Carrot & Stick: March 2009
Navajo Nation, the largest Indian reservation in the United States, for adding the bald eagle to its list of endangered species.
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Navajo Nation, the largest Indian reservation in the United States, for adding the bald eagle to its list of endangered species. A 2006 ruling ordered the federal government to drop the bird from its endangered list, but when the Navajo Nation’s list recently came up for review, the group opted to protect the eagle’s habitat and population within Navajo jurisdiction, including parts of Utah, Arizona, and New Mexico. “We manage and protect species on our own schedule or agenda, our own set of code and regulations, and so regardless of what’s happening federally, we can protect as we need to,” says David Mikesic, a zoologist with Navajo Nation’s Department of Fish and Wildlife. In 2008, a federal judge reinstated bald eagles in the Sonoran Desert to the endangered species list, so eagles in that part of the country are now protected by two governing bodies.
Amazon.com, for instituting “frustration-free packaging.” Anyone who has ever tried to break into a hermetically sealed plastic package—sometimes called a clamshell—knows how wasteful and exasperating it can be. Thankfully, Amazon.com is now “working with leading manufacturers to deliver products inside smaller, easy-to-open, recyclable cardboard boxes with less packaging material.” The online retailer is starting with 19 of its best-selling items from Fisher-Price, Mattel, Microsoft, and electronics manufacturer Transcend, but Amazon.com’s vision is to one day offer its entire catalog sans “wrap rage.”
Idaho State University, for suspending its use of live animals as surgical models. The decision was prompted by a complaint the Physicians Committee for Responsible Medicine filed with the U.S. Department of Agriculture, charging that ISU’s use of live dogs violated the Animal Welfare Act because nonanimal technologies are available. Within two days of the complaint, ISU announced it would discontinue the practice. More than 90 percent of schools use medical mannequins in lieu of live animals for surgical and trauma training.
The U.S. Postal Service, for its sluggish response to claims of unhealthful working conditions among its mail-sorting employees. Some postal workers say they’ve suffered from adult-onset asthma, respiratory ailments, and eye problems due to mail-sorting machines that emit paper dust. The National Institute for Occupational Safety and Health denied the American Postal Workers Union’s request for a health hazard evaluation. The request included a list of 434 workers claiming work-related health problems and testimonials from workers and relatives of deceased workers. The last formal study of air standards in postal facilities was in 1998. In its reply, NIOSH said dust levels are well within those specified by government regulations.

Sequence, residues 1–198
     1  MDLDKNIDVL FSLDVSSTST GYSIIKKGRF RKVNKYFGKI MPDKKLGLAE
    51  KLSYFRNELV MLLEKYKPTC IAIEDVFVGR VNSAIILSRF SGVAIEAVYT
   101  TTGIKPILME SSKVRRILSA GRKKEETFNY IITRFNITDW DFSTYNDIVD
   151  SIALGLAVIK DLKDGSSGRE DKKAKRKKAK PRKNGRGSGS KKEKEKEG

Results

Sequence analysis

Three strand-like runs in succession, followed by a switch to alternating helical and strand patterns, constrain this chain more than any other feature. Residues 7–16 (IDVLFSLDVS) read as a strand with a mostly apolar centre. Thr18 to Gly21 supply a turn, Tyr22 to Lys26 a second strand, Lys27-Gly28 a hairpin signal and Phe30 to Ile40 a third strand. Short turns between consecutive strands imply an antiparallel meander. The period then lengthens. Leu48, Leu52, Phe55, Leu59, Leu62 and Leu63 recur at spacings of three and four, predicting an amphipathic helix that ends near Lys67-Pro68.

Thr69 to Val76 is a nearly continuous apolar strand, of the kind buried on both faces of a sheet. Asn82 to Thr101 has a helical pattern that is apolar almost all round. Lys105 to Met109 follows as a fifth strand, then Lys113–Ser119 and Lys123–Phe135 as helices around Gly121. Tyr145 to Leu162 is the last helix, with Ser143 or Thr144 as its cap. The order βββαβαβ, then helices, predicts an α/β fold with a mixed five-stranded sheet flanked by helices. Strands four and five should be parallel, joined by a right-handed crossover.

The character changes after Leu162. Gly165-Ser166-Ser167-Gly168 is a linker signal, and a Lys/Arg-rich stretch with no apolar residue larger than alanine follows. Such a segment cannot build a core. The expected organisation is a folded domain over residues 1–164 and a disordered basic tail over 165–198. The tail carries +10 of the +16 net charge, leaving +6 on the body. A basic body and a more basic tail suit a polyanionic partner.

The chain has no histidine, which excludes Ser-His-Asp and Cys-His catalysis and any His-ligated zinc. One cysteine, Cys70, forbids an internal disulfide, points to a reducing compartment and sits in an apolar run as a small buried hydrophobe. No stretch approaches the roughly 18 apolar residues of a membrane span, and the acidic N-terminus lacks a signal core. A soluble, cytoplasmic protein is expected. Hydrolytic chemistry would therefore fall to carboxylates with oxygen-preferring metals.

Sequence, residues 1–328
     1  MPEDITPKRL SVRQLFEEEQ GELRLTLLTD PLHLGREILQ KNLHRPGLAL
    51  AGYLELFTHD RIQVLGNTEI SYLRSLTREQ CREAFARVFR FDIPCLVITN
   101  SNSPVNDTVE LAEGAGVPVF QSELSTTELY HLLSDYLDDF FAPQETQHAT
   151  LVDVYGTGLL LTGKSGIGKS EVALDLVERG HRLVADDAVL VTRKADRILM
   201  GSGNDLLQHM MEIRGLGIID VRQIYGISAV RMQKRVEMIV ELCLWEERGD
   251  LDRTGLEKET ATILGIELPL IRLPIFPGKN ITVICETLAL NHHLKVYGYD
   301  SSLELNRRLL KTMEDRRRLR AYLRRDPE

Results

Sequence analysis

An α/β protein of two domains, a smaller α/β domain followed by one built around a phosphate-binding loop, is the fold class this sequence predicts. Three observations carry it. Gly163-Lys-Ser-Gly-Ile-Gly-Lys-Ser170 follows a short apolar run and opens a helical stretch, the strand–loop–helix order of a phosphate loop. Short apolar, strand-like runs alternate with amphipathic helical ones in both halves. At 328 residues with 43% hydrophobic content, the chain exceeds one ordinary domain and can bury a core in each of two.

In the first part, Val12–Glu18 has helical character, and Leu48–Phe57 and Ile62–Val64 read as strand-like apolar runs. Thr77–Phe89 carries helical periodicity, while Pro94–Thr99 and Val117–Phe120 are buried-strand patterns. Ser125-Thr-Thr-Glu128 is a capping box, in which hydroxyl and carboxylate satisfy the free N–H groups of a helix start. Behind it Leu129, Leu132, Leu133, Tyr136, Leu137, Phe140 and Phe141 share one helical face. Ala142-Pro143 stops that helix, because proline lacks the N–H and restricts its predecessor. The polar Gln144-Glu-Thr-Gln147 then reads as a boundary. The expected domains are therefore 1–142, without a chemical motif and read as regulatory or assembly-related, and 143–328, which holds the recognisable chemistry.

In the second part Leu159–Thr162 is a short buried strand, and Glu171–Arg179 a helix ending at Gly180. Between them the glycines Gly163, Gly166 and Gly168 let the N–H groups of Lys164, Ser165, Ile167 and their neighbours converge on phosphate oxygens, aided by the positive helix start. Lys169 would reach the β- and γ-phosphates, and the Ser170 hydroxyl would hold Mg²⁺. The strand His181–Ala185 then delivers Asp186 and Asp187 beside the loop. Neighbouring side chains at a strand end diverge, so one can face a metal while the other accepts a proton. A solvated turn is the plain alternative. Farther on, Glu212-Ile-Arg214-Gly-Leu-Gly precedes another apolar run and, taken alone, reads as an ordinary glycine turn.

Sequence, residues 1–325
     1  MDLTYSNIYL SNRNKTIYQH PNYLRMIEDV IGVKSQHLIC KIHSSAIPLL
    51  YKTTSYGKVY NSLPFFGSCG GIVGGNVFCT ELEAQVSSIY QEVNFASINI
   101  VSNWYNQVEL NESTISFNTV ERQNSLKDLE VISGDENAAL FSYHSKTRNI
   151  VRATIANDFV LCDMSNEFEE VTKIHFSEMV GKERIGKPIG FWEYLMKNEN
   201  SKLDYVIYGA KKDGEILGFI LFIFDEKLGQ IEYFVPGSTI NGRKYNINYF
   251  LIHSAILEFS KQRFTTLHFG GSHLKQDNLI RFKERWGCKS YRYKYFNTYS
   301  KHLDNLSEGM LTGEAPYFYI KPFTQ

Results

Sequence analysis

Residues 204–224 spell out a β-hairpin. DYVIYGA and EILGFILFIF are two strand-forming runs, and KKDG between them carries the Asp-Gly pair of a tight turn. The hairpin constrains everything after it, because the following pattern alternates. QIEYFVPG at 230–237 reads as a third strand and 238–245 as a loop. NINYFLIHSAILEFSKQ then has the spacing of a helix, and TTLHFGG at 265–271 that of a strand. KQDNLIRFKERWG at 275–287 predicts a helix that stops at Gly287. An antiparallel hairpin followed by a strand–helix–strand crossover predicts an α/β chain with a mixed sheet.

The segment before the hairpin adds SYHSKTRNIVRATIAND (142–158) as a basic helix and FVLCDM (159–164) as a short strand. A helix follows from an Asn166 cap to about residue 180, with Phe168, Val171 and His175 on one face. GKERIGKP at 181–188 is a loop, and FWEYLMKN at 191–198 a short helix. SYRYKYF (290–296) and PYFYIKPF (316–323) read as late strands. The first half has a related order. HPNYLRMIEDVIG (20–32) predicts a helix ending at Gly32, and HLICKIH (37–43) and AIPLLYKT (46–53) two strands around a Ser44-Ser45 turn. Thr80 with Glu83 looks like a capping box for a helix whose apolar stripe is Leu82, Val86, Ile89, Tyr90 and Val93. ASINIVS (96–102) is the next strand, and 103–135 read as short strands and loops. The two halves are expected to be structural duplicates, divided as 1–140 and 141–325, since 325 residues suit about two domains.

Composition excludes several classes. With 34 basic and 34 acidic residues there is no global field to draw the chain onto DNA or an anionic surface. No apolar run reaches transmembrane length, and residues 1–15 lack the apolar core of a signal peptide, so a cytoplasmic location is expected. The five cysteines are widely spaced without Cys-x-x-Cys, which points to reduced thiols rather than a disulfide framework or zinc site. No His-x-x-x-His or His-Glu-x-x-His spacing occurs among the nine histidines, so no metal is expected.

Montana State Senator Roy Brown, for his histrionic response to rumors that he is a vegetarian. During Brown’s 2008 run for Montana governor, his neighbor, a Democrat, wrote an e-mail to the chairman of the Montana Democratic Party—a cattle rancher—claiming Brown had told her that he and his wife were vegetarians. In a state that houses 11,000-plus cattle ranches, the rumor spread like wildfire. Brown quickly and blatantly declared, “I am not and have never been a vegetarian,” further explaining that he and his family did temporarily cut back on their meat and dairy consumption many years ago when they were caring for a dying loved one who couldn’t eat those products. “I am disgusted by the baseless allegation that I am a vegetarian and that my personal eating habits should somehow be construed as opposed to the economic interests of Montana’s livestock industry,” Brown said.
Canada, for sanctioning the world’s largest slaughter of marine mammals. Every year, from November 15 to May 15, hunters are allowed to shoot and/or club and skin about 250,000 seals. The United States banned sealskin imports in 1972, and the European Union has proposed banning the import of seal products from countries—including Canada—that “practice hunting methods that involve unnecessary pain.” The Humane Society of the United States is leading a boycott of seafood products from Canada in order to exact further leverage. More than 5,000 restaurants and grocery stores, including Fresh Market, Whole Foods, and Trader Joe’s, are participating in the boycott.